The National Youth Leadership Council has named Dr. Barbara Witteman, professor of education, the recipient of the 2018 Alec Dickson Servant Leader Award.
The award is given to leaders who have been an inspiration in the field of service-learning and through their own example have motivated others to take up lives of service.
Witteman started her own service-learning journey volunteering at Bonanzaville, a pioneer village in West Fargo, before she’d even heard of service-learning. The educator in Witteman could see the treasure trove the museum had and the ways it could bring history alive for elementary students, but it wasn’t being used as well as it could be. She knew with just a bit of “packaging” that teachers would be sold on the idea.
“My social studies class and I went there, selected artifacts that could be connected to the textbooks being used by three area elementary schools, and wrote lesson plans connecting these primary sources to the content,” Witteman says.
Then they added the plans to trunks that included artifacts from the museum that were available for checkout by area educators. Concordia’s director of student leadership and service at the time, Chelle Lyons Hanson ’84, heard about the project and handed Witteman a new term for her work: service-learning.
A constant supporter of service projects for students of all ages, Witteman teaches a service-learning course and is always careful to gauge the community need and the students’ ability to deliver before launching into a project. She might be best known in the Fargo-Moorhead area for birthdays and beans, two ongoing and extremely successful projects for creating a take-home birthday celebration in a bag and the repackaging of beans.
Focusing on hunger issues in the area, Witteman collaborated with Bryan Boll ’96, who grows beans on his farm near Crookston, Minn. Boll donates the beans in bulk to Witteman’s class and the college students, with help from elementary students, package and label the beans for the local food pantry while working to educate the youth about the region’s need for food. The Birthday Bag project is also for food insecure families and is administered through the Emergency Food Pantry.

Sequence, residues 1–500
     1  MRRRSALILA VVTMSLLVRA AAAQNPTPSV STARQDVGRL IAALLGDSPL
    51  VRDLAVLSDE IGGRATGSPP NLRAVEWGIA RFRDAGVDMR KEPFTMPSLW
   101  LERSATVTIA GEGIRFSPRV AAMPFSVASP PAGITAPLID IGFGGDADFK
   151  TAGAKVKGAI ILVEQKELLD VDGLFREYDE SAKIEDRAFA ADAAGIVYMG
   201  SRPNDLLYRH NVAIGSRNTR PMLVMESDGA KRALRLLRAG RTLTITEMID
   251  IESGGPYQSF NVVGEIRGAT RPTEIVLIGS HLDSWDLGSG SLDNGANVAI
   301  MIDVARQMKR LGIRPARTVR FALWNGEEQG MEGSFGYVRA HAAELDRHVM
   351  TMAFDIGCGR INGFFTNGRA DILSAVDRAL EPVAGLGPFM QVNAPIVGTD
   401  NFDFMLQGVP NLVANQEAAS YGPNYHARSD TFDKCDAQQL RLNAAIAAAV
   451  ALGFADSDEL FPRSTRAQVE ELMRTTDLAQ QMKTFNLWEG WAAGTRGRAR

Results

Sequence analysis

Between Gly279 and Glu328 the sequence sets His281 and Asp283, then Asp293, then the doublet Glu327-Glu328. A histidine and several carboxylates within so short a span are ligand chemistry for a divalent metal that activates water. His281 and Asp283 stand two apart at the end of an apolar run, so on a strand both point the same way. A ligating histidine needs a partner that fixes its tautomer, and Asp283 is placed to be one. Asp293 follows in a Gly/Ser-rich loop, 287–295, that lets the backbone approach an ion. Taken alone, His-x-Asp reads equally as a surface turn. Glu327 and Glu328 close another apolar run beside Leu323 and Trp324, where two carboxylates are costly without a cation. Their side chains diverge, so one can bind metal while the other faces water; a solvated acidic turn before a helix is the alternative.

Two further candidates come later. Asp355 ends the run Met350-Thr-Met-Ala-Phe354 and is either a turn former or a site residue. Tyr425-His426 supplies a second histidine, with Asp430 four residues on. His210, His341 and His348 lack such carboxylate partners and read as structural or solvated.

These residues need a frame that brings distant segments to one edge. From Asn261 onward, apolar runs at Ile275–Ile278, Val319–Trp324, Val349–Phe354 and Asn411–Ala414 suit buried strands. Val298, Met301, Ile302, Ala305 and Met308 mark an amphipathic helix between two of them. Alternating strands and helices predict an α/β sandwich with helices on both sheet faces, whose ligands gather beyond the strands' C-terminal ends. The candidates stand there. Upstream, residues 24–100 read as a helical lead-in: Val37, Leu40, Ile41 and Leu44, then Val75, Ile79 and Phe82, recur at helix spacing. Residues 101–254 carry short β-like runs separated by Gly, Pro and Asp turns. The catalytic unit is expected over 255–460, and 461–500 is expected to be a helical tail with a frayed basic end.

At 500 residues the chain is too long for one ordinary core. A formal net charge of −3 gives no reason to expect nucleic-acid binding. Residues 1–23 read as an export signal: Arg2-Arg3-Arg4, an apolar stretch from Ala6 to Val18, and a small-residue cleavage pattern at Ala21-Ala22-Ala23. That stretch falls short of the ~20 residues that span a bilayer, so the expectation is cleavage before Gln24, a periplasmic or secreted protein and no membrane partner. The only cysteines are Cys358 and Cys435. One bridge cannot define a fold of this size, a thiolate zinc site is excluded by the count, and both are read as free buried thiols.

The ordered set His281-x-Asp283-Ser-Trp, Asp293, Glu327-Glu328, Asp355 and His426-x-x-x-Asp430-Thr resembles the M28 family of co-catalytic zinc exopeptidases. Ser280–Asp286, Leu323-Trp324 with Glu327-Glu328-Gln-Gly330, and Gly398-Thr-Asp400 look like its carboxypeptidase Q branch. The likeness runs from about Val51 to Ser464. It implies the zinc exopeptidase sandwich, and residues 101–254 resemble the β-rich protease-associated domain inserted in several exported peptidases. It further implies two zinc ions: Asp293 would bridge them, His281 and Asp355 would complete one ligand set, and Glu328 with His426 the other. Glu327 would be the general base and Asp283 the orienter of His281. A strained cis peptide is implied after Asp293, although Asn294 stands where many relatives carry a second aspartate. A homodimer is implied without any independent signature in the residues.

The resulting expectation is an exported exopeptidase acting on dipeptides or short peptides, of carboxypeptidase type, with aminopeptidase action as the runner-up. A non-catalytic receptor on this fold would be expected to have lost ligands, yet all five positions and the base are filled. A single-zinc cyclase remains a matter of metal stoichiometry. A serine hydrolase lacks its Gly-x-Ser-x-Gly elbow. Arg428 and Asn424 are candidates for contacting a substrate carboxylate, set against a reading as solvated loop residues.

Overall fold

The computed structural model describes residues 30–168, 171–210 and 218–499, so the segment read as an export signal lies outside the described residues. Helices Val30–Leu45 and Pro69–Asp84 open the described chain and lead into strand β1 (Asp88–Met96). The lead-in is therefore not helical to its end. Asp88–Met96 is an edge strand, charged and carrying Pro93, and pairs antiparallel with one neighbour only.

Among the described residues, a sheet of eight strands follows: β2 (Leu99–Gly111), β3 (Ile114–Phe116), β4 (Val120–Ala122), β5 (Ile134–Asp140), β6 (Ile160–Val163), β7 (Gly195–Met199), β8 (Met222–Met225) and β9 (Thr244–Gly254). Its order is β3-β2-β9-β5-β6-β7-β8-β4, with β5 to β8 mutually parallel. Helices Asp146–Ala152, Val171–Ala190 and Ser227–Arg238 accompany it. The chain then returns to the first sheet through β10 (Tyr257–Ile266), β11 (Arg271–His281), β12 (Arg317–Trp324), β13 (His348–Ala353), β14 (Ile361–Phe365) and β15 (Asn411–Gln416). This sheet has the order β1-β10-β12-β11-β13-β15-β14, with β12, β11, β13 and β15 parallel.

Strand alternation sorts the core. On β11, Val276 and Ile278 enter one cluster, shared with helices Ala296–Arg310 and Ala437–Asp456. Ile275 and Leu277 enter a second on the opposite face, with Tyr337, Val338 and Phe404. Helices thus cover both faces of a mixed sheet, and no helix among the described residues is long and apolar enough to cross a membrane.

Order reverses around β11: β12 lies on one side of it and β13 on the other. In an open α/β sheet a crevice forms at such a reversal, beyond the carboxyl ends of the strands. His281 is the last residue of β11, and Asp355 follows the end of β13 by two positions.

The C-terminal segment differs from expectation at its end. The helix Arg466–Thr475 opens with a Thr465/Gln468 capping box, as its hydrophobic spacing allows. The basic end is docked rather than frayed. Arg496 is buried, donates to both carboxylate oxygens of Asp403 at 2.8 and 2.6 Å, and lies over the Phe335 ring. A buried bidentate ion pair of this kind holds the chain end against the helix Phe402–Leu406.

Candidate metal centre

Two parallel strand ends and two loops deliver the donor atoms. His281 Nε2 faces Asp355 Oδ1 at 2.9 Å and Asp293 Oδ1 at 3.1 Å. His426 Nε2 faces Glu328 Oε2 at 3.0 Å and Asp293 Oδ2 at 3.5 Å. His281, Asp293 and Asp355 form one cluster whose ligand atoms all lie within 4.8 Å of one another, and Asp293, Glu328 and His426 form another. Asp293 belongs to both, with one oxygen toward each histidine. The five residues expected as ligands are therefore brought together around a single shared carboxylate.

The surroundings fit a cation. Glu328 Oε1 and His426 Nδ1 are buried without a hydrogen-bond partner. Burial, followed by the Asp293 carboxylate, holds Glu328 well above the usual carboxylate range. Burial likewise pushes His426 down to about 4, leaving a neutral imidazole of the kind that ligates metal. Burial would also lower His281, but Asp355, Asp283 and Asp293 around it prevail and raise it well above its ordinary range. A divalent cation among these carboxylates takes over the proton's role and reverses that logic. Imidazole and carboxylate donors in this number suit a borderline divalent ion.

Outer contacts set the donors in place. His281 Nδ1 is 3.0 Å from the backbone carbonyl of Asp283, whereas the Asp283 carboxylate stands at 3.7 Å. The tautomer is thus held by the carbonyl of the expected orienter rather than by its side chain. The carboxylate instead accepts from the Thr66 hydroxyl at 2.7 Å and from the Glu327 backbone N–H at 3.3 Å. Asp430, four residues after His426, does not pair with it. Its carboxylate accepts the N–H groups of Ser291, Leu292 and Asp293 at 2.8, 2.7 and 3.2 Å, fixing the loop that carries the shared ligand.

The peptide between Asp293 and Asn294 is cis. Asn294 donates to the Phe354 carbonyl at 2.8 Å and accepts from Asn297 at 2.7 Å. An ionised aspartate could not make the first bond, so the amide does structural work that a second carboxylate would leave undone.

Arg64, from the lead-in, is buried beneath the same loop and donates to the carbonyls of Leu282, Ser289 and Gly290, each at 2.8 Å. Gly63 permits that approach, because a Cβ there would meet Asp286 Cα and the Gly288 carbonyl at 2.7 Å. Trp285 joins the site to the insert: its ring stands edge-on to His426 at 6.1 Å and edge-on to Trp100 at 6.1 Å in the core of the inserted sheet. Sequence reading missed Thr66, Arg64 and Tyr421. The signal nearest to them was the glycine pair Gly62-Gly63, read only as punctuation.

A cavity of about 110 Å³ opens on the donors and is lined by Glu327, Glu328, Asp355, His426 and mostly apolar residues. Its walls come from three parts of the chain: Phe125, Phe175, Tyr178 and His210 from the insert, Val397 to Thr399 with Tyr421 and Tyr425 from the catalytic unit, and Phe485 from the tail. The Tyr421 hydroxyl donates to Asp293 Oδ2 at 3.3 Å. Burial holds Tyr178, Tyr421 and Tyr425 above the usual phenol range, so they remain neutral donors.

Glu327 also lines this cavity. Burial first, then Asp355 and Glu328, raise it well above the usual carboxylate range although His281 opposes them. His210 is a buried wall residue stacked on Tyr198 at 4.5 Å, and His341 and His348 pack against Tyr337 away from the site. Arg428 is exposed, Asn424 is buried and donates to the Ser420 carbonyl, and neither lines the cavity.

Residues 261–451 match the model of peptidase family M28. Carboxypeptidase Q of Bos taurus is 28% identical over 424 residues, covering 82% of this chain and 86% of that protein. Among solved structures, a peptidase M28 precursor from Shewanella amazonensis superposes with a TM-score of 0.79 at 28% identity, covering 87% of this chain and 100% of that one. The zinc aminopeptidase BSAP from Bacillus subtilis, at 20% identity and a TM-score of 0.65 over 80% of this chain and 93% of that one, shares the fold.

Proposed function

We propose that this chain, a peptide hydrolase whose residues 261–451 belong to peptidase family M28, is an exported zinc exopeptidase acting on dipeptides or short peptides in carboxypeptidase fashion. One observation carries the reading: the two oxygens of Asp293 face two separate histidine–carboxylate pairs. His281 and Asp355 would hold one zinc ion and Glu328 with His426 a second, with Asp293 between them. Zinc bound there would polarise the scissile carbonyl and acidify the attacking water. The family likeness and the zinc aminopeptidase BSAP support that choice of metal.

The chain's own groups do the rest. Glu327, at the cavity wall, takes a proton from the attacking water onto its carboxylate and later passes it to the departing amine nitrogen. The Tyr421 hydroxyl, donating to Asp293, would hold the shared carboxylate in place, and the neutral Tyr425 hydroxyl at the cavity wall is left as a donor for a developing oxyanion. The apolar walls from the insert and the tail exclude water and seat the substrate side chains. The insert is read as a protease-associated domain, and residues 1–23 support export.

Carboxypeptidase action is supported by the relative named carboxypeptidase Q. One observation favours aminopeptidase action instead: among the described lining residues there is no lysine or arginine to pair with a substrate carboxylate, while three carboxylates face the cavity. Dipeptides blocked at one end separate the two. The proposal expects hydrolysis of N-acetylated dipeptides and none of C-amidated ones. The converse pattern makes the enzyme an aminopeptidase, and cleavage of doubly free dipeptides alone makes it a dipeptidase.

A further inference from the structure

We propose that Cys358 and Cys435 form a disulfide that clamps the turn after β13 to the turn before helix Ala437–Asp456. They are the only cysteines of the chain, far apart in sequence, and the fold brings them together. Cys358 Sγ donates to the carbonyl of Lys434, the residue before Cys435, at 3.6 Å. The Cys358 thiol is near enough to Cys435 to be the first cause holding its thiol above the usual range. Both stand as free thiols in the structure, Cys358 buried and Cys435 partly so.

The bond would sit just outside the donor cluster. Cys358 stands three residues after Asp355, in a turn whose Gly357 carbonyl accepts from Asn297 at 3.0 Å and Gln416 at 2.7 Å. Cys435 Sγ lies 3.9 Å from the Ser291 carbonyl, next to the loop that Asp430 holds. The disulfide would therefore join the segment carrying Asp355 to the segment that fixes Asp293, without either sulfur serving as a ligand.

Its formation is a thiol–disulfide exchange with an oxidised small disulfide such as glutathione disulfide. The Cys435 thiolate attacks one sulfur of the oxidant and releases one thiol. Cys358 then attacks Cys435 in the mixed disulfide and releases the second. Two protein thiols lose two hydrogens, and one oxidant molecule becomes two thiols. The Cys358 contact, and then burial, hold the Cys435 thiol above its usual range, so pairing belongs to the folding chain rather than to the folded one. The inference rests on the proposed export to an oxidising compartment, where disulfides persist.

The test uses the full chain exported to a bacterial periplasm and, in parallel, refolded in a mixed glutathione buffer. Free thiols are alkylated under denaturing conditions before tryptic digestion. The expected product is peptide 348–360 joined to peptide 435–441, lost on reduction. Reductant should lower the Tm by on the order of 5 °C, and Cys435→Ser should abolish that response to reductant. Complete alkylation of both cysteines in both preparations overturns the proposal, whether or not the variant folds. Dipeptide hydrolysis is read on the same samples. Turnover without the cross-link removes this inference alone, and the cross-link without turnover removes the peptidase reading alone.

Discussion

“Last year, the Emergency Food Pantry had 8,948 food insecure families go through their doors. Families are asked if they have a child celebrating a birthday and, if they do, the family is given a cake, can of frosting and a homemade card that they can give to their child,” Witteman says. “Simply stated, every child deserves a cake.”
In March, Witteman will take her service-learning class on the road with her to the National Service-Learning Conference where she will receive her award and the students will present various service projects and have attendees complete them at the conference.
“It will be exciting to go to the national convention and see everyone with a passion for service-learning,” says Katie Johnston ’20, an elementary education major and one of Witteman’s service-learning students. “Barb makes it easy to do these projects. She’s so organized, passionate and has so many connections.”
And while Witteman brushes off the praise, she does take pride in seeing teachers who came through her class implementing service-learning because she believes it brings such purpose and meaning to lives. She knows that we need to live for each other and help those who are in need.
“To borrow a phrase from St. Teresa of Calcutta,” she says. “‘Do small things with great love.’”